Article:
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If Redskins trade Kirk Cousins to 49ers, 5 prospects to consider with No. 2 pick

If Redskins trade Kirk Cousins to 49ers, 5 prospects to consider with No. 2 pick

It still seems like a long-shot the Redskins trade Kirk Cousins, but if there is one persistent rumor, it's that the San Francisco 49ers want the Washington passer. The story is too familiar at this point: New Niners coach Kyle Shanahan was in D.C. when Cousins was drafted and wants the quarterback to come run his offense in San Francisco. With the second overall pick, the 49ers have a tremendous asset they can dangle in trade talks.

<<<CLICK HERE TO SEE 5 PROSPECTS FOR THE REDSKINS AT NO. 2 PICK>>>

Whether or not any of this rumor is true, it sure makes for engrossing speculation. With the NFL Draft Combine next week in Indianapolis, NFL Network analyst Daniel Jeremiah said he wouldn't be shocked to see the trade go down.

That's the backdrop. Beyond the debate of the merits of trading an established QB like Cousins, which is a very serious debate, there's also the notion of what player the 'Skins would select with the second overall pick.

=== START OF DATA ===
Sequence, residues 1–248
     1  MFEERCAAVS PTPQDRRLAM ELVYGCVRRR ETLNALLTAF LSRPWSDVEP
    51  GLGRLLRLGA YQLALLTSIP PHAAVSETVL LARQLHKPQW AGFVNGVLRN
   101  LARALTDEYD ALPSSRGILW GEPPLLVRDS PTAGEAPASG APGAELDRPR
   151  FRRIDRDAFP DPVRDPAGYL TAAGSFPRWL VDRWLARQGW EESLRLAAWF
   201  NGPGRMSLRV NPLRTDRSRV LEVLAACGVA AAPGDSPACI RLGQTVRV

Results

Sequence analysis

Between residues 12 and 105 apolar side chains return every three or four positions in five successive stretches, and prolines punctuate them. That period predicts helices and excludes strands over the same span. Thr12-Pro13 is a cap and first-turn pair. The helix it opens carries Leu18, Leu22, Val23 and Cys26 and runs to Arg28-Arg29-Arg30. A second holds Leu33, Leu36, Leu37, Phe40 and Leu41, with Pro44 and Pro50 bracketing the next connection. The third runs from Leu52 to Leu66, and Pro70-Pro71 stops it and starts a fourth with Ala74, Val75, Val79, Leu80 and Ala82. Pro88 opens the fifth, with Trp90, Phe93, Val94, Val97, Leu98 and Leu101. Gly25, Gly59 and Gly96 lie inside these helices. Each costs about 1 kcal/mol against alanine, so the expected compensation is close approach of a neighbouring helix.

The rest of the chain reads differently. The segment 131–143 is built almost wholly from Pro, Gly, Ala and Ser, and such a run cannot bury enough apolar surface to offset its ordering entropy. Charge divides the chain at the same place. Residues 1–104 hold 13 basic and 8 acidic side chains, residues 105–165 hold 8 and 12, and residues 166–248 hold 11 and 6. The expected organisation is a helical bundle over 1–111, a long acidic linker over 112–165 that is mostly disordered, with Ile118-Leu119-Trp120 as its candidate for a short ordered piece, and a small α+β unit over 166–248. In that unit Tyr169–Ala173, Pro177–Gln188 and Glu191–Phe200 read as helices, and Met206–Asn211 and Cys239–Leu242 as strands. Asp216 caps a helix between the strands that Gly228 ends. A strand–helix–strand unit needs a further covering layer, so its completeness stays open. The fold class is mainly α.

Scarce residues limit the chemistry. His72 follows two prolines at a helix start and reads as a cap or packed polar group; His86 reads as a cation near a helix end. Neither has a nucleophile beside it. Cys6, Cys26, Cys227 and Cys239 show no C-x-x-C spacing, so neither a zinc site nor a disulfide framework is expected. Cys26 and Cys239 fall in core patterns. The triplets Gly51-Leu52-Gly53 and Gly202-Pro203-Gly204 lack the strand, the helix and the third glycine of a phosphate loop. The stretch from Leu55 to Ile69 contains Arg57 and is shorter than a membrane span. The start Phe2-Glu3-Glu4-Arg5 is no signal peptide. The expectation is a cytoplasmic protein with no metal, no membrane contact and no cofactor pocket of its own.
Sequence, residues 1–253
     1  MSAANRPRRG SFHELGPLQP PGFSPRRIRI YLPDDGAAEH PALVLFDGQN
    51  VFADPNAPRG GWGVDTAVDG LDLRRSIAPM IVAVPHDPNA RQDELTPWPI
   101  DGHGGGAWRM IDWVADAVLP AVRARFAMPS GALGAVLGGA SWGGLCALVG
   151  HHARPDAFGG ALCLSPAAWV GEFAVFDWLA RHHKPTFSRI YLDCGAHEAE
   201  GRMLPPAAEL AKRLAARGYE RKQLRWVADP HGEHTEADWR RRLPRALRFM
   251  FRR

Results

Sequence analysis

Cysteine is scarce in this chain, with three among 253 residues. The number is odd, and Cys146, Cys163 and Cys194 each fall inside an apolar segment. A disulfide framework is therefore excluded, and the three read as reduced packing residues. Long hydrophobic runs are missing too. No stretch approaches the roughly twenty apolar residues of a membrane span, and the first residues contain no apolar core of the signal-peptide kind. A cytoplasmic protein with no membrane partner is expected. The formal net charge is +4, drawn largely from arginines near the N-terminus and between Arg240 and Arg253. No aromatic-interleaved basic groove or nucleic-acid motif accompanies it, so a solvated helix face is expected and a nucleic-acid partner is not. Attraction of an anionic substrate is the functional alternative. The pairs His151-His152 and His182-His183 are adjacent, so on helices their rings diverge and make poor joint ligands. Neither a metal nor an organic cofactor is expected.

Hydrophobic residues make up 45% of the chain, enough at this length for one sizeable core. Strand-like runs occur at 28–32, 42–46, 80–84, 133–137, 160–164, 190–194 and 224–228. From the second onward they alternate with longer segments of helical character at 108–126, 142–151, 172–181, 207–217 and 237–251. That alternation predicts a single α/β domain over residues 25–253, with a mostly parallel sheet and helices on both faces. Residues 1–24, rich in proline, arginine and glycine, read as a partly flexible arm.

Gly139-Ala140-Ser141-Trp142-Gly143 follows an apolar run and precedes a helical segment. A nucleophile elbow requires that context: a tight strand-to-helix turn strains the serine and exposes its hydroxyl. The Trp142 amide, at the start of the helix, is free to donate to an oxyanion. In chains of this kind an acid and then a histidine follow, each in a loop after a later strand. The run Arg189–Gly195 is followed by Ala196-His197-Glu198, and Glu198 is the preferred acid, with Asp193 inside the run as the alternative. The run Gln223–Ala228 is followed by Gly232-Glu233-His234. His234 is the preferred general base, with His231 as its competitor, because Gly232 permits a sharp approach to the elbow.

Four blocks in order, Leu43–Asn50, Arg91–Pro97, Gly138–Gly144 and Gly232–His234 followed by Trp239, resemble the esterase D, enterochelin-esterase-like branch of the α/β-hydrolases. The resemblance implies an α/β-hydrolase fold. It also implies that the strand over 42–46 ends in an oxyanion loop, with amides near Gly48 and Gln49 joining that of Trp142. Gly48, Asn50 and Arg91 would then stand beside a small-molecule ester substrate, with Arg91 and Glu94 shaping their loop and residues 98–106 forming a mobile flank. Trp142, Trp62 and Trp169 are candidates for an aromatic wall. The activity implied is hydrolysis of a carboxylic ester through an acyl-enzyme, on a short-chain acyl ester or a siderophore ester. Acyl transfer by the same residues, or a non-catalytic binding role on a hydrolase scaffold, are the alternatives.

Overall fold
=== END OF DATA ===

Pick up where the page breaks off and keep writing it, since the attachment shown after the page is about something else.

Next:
MORE REDSKINS: 2017 top heavy Cap could be a problem

It's worth examining the impact players available to Washington with the second selection in the 2017 NFL Draft, and the options are varied, including perhaps a new QB. Check it out. 

<<<LOOKING AT REDSKINS DRAFT PROSPECTS>>>

Want more Redskins? Check out @JPFinlayCSN for live updates or click here for the #RedskinsTalk Podcast on iTunes, here for Google Play or press play below. Don't forget to subscribe!

 

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Washington Redskins' 2017 cap is top heavy—is that a problem?

Washington Redskins' 2017 cap is top heavy—is that a problem?

It seems almost inevitable that the Redskins will put the franchise tag on Kirk Cousins between now and the March 1 deadline. This will set the Redskins up to have a very top heavy salary cap structure.

As the website Spotrac noted yesterday, if the Redskins do tag Cousins, giving him a cap hit of $24.9 million, he, Josh Norman ($20 million cap number) and Trent Williams ($15.1 million) will account for a total of $59 million against the cap or 35 percent of the estimated $168 million cap for the 2017 season.

RELATED: NFL Mock Draft Version 3.0